Even the prospect of rain is little help to the crews fighting an Arizona wildfire that killed 19 of their comrades.
But firefighters battling the Yarnell Hill blaze did get a boost from the U.S. military, which committed four specially equipped C-130 transports to the effort Tuesday. About 400 ground personnel and 100 incident management staff are working to control the fire, shadowed by the near-total loss of an elite team that was overrun by the spreading blaze Sunday.
"You have to acknowledge it," Karen Takai, a spokeswoman for the firefighting effort, told reporters Tuesday morning. "You can't push it behind in your head, but acknowledge it, and then they get their head back in the game. They have to focus very hard on the ground, or we'll be in that same circumstance again."
The fire had scorched about 8,400 acres Tuesday morning and was largely unchanged Tuesday afternoon, incident commander Clay Templin told a public meeting.
The region has been suffering from an extreme drought, and the winds whipping through the mountains can blow embers into new patches of parched woodland and mesquite grass, Takai said.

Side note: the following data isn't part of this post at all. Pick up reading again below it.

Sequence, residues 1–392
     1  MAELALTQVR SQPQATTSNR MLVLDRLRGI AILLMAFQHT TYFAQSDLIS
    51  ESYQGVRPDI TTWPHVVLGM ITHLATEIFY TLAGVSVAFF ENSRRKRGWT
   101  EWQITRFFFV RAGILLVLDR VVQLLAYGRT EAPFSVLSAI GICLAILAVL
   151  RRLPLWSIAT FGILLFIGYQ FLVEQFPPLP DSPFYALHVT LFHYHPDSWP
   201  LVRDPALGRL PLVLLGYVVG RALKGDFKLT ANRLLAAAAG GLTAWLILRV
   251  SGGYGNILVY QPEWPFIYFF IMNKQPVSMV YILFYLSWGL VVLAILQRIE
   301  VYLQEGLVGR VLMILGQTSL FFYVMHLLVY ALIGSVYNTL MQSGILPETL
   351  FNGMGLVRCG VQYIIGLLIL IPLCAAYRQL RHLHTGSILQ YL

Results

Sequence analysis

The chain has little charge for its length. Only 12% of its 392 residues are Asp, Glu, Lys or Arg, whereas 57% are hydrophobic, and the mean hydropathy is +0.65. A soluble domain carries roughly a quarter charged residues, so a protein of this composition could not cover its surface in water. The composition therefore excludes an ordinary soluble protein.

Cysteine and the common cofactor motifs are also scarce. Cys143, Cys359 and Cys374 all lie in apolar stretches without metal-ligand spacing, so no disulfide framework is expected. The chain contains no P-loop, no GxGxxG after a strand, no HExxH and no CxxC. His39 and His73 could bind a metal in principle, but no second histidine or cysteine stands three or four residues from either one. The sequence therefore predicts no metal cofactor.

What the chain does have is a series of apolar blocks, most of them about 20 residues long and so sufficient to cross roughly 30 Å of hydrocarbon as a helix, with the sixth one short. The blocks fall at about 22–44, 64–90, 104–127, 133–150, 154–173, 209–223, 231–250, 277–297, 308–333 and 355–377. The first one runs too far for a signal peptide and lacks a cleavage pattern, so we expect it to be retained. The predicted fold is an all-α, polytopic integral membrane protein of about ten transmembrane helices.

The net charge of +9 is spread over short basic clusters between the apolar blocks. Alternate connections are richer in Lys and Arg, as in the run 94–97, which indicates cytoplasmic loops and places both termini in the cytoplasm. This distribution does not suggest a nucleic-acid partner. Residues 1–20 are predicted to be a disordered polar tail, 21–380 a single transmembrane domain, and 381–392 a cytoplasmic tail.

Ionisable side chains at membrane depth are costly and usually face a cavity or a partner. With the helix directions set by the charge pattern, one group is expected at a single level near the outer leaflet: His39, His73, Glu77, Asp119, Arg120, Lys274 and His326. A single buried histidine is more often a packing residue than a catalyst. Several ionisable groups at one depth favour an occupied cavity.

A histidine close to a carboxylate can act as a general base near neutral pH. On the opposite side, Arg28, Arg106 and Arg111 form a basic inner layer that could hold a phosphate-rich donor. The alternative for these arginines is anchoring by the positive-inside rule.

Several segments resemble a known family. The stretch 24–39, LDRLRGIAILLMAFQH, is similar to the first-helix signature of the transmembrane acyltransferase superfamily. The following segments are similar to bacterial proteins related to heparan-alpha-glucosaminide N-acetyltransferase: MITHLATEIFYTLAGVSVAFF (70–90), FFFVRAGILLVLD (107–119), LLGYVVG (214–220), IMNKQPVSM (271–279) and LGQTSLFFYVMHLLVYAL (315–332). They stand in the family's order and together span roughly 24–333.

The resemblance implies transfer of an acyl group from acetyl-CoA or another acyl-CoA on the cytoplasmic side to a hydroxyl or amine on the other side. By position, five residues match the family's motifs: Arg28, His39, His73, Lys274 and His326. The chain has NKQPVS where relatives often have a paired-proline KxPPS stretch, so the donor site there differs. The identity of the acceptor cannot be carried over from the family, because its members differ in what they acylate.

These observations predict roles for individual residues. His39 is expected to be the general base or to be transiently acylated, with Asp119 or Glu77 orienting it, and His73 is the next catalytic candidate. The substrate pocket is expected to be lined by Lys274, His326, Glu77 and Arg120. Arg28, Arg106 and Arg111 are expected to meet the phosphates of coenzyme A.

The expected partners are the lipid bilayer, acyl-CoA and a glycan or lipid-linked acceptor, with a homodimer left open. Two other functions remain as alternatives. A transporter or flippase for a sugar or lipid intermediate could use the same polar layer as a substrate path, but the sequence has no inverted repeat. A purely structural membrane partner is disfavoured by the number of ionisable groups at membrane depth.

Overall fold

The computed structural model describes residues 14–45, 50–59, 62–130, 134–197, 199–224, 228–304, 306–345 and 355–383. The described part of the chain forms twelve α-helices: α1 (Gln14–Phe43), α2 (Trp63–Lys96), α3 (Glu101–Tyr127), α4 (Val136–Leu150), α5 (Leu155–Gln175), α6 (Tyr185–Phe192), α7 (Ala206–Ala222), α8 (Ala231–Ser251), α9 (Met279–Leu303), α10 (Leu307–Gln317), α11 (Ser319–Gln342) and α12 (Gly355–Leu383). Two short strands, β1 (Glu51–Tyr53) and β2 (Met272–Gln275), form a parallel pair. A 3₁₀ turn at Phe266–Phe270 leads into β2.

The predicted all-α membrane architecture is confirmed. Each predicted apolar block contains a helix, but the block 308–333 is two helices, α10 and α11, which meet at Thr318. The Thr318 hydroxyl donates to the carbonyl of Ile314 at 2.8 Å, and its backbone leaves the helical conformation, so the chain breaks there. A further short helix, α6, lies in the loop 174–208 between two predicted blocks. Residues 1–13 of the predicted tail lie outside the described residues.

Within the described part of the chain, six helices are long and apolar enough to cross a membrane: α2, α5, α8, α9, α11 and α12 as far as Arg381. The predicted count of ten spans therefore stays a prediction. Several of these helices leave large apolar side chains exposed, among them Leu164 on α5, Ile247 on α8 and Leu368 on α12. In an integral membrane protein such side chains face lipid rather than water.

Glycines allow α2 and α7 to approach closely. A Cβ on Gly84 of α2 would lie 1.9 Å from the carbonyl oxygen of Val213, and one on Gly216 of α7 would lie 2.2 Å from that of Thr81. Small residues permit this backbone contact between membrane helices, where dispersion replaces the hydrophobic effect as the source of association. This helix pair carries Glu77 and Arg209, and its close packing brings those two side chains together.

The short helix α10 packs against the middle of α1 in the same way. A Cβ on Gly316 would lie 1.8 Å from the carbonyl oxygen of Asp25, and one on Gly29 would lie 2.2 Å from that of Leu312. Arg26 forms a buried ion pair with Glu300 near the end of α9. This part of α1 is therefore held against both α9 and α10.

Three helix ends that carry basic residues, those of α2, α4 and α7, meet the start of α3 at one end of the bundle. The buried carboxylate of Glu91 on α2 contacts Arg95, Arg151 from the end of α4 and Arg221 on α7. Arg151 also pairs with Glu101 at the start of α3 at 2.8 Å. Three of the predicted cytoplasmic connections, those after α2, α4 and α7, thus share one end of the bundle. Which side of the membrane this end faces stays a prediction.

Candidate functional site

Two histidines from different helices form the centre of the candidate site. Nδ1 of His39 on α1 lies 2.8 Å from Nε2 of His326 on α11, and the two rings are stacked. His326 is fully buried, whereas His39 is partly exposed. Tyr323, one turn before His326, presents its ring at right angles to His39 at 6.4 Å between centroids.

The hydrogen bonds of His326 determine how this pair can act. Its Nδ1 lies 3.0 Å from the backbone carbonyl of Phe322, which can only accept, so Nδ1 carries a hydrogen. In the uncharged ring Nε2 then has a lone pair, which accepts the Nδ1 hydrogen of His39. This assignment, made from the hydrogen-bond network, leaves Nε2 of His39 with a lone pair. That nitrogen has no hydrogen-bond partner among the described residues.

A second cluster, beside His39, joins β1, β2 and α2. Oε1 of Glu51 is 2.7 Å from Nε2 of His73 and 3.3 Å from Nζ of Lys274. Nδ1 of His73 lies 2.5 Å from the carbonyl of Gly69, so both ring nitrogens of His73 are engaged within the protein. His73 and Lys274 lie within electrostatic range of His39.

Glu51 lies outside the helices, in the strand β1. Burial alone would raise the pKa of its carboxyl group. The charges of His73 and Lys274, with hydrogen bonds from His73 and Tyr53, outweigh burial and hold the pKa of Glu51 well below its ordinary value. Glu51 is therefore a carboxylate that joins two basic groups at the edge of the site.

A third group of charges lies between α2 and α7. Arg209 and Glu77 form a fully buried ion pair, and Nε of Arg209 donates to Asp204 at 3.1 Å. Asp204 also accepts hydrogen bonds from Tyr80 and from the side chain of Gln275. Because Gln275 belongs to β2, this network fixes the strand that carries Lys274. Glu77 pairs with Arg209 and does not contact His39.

"That mesquite is extremely oily, and once that starts, an ember gets into those extremely dry fuels, that fire is going to rip," she said. "It's very difficult to control at that degree, especially with the winds that we're having out here."
The fire has scorched about 13 square miles of the mountains outside Prescott, 80 miles northwest of Phoenix. Late Tuesday, the blaze was 8 percent contained.
Earlier in the week, the Yavapai County Sheriff's Office advised residents in the communities of Peeples Valley and Yarnell to evacuate their dwellings. An estimated 200 homes and other structures have burned in Yarnell.
Though firefighters got a break with higher humidity and brief showers Tuesday morning, "The winds are just drying out that fuel right after the rain is hitting the ground," Takai said. "It's a pattern that is very difficult to work with."
The C-130 crews now joining the fight will have their work cut out for them in battling what is now considered the deadliest fire in state history.
Equipped with the Modular Airborne Fire Fighting System, or MAFFS, the planes, loaded with water or fire retardant, can drop 3,000 gallons in less than five seconds. The retardant covers an area a quarter-mile long and 60 feet wide, and the aircraft can land, reload and be airborne again in under 20 minutes.
"They'll be capable of actually dropping a lot of liquid on that ground in areas where it will be most effective," Takai said.
The planes are from Colorado, where crews had been working on fires for the last several days. But they are now considered more vital for Arizona. The military deployment is coming at the request of civilian firefighting authorities.
A Defense Department official confirmed the details to CNN but declined to be identified because an announcement has not yet been made.
CNN's Barbara Starr contributed to this report.